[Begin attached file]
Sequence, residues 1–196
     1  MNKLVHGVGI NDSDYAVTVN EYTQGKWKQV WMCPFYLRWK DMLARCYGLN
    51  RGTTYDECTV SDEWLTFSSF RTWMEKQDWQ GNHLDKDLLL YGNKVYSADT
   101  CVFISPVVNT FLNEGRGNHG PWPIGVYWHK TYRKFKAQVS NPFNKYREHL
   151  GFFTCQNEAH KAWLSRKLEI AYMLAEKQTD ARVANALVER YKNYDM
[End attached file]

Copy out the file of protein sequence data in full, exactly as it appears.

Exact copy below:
Sequence, residues 1–196
     1  MNKLVHGVGI NDSDYAVTVN EYTQGKWKQV WMCPFYLRWK DMLARCYGLN
    51  RGTTYDECTV SDEWLTFSSF RTWMEKQDWQ GNHLDKDLLL YGNKVYSADT
   101  CVFISPVVNT FLNEGRGNHG PWPIGVYWHK TYRKFKAQVS NPFNKYREHL
   151  GFFTCQNEAH KAWLSRKLEI AYMLAEKQTD ARVANALVER YKNYDM